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Ethical trading cards

For my Moral Theory and Practice course (Iowa State University, Fall 2018), I created an assignment that required my students to design “Moral Theory Trading Cards”. Each card is the size of a traditional playing card and is designed to communicate the basic need-to-know features of a particular moral theory. The card and must include a description of the theory in question, a list of philosophical advantages and disadvantages of the theory, and names of famous defenders and critics. The students work on the cards in groups and I choose the best card for each theory and have it professionally printed for the students. In the latter half of the semester when it comes time to discuss questions in applied ethics, I use the cards as a philosophical game in class, where students are “dealt” a random moral theory that they must use to argue.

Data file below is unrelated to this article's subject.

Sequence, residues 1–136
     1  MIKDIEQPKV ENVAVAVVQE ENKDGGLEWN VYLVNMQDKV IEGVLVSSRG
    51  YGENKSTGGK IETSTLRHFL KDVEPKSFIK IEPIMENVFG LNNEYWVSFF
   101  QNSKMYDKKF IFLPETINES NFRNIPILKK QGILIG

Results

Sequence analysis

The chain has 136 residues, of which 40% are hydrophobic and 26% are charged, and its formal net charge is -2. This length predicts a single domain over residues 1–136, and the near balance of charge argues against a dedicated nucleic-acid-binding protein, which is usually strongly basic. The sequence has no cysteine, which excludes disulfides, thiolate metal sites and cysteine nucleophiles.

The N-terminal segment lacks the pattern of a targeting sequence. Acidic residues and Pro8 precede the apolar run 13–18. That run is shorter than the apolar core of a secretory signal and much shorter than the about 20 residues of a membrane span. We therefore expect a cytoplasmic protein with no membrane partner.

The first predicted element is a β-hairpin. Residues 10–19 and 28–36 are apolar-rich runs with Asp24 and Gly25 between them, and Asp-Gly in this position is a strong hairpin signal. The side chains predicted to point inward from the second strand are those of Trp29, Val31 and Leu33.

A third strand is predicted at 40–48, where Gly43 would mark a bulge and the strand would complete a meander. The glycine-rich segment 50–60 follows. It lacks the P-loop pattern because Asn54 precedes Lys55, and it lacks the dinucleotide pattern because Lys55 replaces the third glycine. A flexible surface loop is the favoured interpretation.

The cards help students to appreciate, in a practical and hands-on way, the role that assumptions play in philosophical arguments. “Playing” with the cards enhances their ability to explicitly identify the premises of arguments and to question those premises.

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